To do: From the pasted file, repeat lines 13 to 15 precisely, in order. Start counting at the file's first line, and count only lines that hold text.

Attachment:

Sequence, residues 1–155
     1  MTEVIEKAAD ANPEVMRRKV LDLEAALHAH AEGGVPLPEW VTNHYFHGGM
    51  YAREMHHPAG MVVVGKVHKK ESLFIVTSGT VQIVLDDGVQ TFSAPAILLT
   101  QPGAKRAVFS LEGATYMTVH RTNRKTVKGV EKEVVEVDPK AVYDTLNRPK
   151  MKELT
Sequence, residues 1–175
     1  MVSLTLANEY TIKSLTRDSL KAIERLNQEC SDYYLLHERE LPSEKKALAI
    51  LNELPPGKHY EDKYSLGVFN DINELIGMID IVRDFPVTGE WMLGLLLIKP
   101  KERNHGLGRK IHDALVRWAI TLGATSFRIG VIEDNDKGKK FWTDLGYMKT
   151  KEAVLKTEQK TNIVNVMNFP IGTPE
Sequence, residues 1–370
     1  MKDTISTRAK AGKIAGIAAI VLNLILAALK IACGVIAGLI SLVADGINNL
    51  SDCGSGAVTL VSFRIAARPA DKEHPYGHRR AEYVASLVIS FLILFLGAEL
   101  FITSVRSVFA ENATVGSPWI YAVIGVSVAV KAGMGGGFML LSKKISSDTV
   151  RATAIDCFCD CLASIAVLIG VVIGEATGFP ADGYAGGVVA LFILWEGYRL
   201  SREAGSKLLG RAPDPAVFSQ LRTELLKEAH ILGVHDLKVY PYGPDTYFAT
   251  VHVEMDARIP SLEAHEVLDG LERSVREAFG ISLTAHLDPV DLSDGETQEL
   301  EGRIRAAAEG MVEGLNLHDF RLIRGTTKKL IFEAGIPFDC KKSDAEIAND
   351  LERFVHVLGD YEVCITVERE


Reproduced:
    51  SDCGSGAVTL VSFRIAARPA DKEHPYGHRR AEYVASLVIS FLILFLGAEL
   101  FITSVRSVFA ENATVGSPWI YAVIGVSVAV KAGMGGGFML LSKKISSDTV
   151  RATAIDCFCD CLASIAVLIG VVIGEATGFP ADGYAGGVVA LFILWEGYRL